Why Jekyll?


I was recently asked why I switched from Octopress to Jekyll. I don’t have an interesting answer, because there weren’t any particularly strong reasons. The overarching goal was that of simplifying. For this blog, the idea of going with stock Jekyll hosted on Github pages is about the simplest way to write and publish a static blog. It certainly isn’t the easiest way to have a blog, but for me, “simple” includes the idea that the blog content and structure is stored simply and accessibly. There are a million hosted blog sites that could have me writing in seconds with zero administration, but then I’d be uncomfortably tied to their platform.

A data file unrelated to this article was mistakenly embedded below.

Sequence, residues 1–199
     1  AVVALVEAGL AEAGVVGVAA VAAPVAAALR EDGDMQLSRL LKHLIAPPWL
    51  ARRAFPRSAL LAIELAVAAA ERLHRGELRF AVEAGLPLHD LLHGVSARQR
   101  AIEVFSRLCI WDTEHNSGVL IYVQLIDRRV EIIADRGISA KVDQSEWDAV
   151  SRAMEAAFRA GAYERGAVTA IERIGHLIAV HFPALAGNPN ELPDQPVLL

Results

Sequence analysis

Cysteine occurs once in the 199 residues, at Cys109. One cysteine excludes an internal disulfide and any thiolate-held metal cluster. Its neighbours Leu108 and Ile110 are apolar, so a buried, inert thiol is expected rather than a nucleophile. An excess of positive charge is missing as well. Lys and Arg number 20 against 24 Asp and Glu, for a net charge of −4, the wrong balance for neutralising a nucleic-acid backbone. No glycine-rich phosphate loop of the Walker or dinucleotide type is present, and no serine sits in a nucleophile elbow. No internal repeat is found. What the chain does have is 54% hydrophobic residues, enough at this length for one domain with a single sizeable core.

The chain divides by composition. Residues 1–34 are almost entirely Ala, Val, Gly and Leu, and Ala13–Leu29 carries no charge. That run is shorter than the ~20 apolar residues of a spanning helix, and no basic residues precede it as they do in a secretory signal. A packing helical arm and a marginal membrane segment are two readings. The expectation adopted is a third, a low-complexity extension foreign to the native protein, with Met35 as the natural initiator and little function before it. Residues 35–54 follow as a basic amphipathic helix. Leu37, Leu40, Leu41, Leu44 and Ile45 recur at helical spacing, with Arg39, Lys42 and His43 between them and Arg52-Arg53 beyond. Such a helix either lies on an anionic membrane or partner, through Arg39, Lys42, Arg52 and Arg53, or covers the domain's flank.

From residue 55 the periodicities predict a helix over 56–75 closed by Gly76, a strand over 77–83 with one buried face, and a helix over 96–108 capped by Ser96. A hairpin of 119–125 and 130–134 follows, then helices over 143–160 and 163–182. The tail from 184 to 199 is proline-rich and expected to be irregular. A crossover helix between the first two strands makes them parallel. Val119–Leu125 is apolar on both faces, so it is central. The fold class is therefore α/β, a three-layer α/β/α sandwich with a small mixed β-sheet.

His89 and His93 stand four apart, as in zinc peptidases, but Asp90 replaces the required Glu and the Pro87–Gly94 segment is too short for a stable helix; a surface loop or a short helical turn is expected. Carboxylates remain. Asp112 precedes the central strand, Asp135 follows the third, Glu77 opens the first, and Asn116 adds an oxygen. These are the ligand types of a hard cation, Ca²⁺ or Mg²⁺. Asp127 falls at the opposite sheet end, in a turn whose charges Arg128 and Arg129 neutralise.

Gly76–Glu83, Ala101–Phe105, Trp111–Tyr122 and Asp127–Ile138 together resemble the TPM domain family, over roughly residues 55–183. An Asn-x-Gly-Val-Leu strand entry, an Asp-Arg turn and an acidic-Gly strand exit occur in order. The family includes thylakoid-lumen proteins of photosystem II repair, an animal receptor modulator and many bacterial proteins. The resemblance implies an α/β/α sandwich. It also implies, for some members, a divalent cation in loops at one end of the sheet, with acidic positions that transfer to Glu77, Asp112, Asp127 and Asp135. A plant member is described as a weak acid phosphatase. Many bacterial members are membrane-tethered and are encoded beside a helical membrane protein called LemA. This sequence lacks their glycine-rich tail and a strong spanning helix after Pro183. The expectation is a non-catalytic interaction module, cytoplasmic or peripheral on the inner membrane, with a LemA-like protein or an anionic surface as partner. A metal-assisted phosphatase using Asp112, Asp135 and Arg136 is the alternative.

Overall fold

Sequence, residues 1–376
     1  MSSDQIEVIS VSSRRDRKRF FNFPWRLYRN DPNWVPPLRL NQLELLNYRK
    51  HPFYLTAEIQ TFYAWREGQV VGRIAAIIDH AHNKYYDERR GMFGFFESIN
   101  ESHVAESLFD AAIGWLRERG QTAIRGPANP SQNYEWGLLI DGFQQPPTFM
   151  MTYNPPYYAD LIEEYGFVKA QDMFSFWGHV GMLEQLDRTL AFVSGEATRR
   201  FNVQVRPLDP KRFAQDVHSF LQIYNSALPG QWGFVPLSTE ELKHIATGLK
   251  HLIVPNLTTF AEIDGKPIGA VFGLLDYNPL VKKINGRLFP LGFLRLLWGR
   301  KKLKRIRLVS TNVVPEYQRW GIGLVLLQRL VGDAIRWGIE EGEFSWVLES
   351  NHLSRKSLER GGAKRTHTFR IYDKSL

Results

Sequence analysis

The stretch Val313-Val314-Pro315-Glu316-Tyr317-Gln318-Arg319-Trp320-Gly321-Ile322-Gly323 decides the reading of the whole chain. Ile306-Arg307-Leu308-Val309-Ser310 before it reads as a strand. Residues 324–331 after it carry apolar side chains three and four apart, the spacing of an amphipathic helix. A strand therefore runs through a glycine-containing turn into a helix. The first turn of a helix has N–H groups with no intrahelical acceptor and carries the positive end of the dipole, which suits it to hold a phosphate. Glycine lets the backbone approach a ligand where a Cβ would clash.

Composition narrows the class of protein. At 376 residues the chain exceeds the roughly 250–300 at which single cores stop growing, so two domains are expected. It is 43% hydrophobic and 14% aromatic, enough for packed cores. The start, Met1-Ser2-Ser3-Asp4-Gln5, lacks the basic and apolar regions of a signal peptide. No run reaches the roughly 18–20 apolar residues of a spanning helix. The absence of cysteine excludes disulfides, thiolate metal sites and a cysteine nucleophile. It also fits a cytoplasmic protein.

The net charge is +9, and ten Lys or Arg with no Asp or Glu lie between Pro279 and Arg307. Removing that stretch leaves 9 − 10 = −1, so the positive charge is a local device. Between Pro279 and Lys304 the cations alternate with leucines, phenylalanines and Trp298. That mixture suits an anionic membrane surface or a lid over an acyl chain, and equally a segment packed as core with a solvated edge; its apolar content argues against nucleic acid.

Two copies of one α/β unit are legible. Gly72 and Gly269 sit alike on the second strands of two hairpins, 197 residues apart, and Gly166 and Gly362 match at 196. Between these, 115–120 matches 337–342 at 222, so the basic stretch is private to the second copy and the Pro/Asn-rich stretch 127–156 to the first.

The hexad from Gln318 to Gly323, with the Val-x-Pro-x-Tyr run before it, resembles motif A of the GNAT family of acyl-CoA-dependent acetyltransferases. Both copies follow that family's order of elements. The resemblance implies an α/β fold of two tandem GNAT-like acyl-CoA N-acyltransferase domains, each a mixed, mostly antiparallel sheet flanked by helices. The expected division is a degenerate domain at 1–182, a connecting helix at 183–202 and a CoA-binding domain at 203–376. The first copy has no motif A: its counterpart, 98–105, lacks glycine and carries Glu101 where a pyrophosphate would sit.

Jekyll is probably simpler than Octopress, so I went with it. I’ve read stronger opinions on this matter, but it wouldn’t be fair for me to make any claims because I’m a novice with both platforms and my blog needs are minimal.

In any case, I’m definitely happy with being able to write files on Github, press Commit, and have the task done. That is definitely a bit better than my previous workflow.

Commit